Kennedy gets Republican nod for U.S. Senate Promising to bring Minnesota values to
Washington, U.S. Rep. Mark Kennedy on Thursday night secured the
Republican endorsement as its 2006 candidate for the U.S. Senate. Kennedy's endorsement capped the first night of the state
Republican convention at the Minneapolis Convention center.7:20 a.m.
Pawlenty heads into second campaign Delegates to the state Republican convention are expected to handily endorse Gov. Tim Pawlenty for a second term Friday afternoon Pawlenty has led the state during a contentious and highly-polarized era at the Capitol, which included the state's first partial government shutdown.7:24 a.m.
Minneapolis voters may cast instant-runoff ballots
There is an effort in Minneapolis to do away with primaries and instead, hold elections on one day with one ballot. Voters would rank three candidates in order of preference. It is called instant runoff voting. The Minneapolis Charter Commission is scheduled to meet next week to discuss the language of the 'Single Transferable Vote' referendum recently approved by the city council. Morning Edition host Cathy Wurzer spoke with Larry Jacobs, Director of the Center for the Study of Politics and Governance at the Hubert H. Humphrey Institute of Public Affairs at the University of Minnesota about how the proposed voting system works.7:50 a.m.
NorShor strip club plan raises hackles in Duluth Duluth's historic downtown theater is being turned into a strip club. After years of trying, the owner says he's finally found something that will pay the bills. But some of his downtown neighbors, including the mayor, are really upset.7:54 a.m.
Jill rides again At a horse show near Cannon Falls this weekend, one woman's dream will come true. Jill Krimmel of Buffalo, Minnesota, was a familiar face at Saddlebred horse shows across the region until she suffered a devastating stroke. After an amazing recovery, Krimmel is back in the saddle.8:24 a.m.
National Public Radio Stories
Swell Books for Summer Loafing
"I lean and loafe at my ease," poet Walt Whitman wrote, "observing a spear of summer grass." But when you get tired of watching the grass grow, you might want to pick up a good book. Susan Stamberg gets suggestions from three independent booksellers.
A School Sets the Stage for Life Changes
When Scott and Cathy Kohanek first met, he was a custodian and she was a teacher -- and they couldn't stop talking to each other. A lot has changed since then. But they're both still at Minnesota's Kenwood Elementary School.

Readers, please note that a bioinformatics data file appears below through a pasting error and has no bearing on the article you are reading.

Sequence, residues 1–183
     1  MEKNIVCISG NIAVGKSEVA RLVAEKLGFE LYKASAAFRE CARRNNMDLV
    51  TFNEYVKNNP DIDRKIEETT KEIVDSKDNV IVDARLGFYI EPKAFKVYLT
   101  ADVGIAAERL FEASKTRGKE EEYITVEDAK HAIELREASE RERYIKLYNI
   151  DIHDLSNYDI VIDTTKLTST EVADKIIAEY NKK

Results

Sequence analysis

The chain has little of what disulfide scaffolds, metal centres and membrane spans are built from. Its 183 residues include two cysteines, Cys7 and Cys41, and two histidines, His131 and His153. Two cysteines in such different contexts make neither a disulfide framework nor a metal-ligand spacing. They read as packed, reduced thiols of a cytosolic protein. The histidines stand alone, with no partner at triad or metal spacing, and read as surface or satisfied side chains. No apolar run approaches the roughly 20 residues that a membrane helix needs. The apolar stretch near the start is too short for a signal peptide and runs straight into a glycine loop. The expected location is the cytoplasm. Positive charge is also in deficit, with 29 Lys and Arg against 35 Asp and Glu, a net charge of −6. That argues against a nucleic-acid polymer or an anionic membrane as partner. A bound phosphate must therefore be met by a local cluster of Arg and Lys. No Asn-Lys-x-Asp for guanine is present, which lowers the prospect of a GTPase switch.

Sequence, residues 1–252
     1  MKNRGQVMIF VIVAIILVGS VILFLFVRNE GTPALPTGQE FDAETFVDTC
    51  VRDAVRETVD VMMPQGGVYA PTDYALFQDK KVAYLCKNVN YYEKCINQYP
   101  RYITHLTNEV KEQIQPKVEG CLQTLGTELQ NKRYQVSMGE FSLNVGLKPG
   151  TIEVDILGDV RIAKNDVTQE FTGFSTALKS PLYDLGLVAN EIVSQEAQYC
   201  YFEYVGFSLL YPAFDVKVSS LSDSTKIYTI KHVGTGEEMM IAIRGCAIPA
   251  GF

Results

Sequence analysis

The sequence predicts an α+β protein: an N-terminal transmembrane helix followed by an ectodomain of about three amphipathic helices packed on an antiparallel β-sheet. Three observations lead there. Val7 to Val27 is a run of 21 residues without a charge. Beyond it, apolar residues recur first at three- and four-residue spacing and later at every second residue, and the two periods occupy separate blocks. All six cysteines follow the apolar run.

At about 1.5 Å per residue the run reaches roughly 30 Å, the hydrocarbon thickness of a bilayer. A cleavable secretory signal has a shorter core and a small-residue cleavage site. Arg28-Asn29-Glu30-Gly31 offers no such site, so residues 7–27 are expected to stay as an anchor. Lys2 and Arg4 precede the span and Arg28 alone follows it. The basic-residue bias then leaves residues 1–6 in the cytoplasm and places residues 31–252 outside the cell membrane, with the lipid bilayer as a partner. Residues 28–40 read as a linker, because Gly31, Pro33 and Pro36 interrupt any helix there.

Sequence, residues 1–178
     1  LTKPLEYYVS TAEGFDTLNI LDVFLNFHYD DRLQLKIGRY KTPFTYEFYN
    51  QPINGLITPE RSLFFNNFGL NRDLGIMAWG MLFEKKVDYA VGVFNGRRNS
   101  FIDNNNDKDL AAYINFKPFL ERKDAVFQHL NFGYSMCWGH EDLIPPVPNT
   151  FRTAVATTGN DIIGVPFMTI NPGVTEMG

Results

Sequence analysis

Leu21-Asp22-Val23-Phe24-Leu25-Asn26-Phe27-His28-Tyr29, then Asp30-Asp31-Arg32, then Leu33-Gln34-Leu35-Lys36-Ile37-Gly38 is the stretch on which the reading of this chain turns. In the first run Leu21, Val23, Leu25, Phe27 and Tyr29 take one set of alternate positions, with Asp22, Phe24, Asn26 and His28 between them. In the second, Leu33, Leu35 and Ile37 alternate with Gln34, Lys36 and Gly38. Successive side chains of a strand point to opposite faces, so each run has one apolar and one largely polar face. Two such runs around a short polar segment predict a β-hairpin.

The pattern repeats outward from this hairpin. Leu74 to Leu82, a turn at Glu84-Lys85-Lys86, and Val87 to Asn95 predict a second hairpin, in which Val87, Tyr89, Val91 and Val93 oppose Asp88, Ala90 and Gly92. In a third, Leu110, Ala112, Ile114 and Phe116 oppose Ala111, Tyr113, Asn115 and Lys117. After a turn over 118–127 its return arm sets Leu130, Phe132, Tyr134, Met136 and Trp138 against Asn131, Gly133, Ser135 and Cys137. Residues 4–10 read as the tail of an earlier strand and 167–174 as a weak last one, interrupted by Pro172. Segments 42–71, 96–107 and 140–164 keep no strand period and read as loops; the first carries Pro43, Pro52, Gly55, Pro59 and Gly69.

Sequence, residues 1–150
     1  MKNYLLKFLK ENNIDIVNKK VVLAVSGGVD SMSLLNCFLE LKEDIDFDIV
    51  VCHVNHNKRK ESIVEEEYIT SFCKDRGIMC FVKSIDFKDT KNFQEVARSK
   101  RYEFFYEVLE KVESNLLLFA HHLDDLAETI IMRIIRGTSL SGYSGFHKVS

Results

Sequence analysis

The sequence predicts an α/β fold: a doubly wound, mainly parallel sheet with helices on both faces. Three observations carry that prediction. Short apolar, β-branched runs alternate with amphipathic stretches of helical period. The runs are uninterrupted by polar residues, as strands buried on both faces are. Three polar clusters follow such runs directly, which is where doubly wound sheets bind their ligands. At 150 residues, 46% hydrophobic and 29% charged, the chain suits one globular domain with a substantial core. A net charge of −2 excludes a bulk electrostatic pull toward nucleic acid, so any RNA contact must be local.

Government Policies Lead to Collapse of Zimbabwe Economy
The former southern African breadbasket of Zimbabwe is in the midst of an economic and social meltdown. Zimbabwe's annual inflation tops 1,000 percent, the highest in the world. The country's economy has shrunk by almost a third since 2000. And there are regular shortages of everything from gasoline to basic food staples.
Reporting Undercover in Zimbabwe
NPR Reporter Jason Beaubien talks with Steve Inskeep about the difficulty of reporting the crisis in Zimbabwe. Beaubien says he must go undercover as a tourist to enter Zimbabwe and report on conditions there.
U.S. Military Probes Second Set of Iraq Killings
The U.S. military confirms it is investigating a report that American troops killed Iraqi civilians in a Sunni village northwest of Baghdad. The news comes amid allegations that American Marines killed 24 unarmed civilians at Haditha.
Myanmar Extends Sentence for Democracy Activist
The military junta of Myanmar, formerly known as Burma, has imposed another year of house arrest on democracy activist Aung San Suu Kyi. Emma Larkin, author of Finding George Orwell in Burma, talks about the sentence extension. Emma Larkin is a pseudonym for the author.
Democracy Suffers in Egypt After Election
Egyptian journalist Hisham Kassem talks with Steve Inskeep about the status of Ayman Nour. Nour is a pro-democracy candidate who challenged Egyptian President Hosni Mubarak in last year's elections. He is in now jail after being charged with fraud by the government.
Young Workers Spending Instead of Saving
Thousands of college seniors graduate this spring, entering the work force to earn their way for the first time. But many young workers are struggling to save money. Lower wages and free-spending habits mean that there is little money left for the future.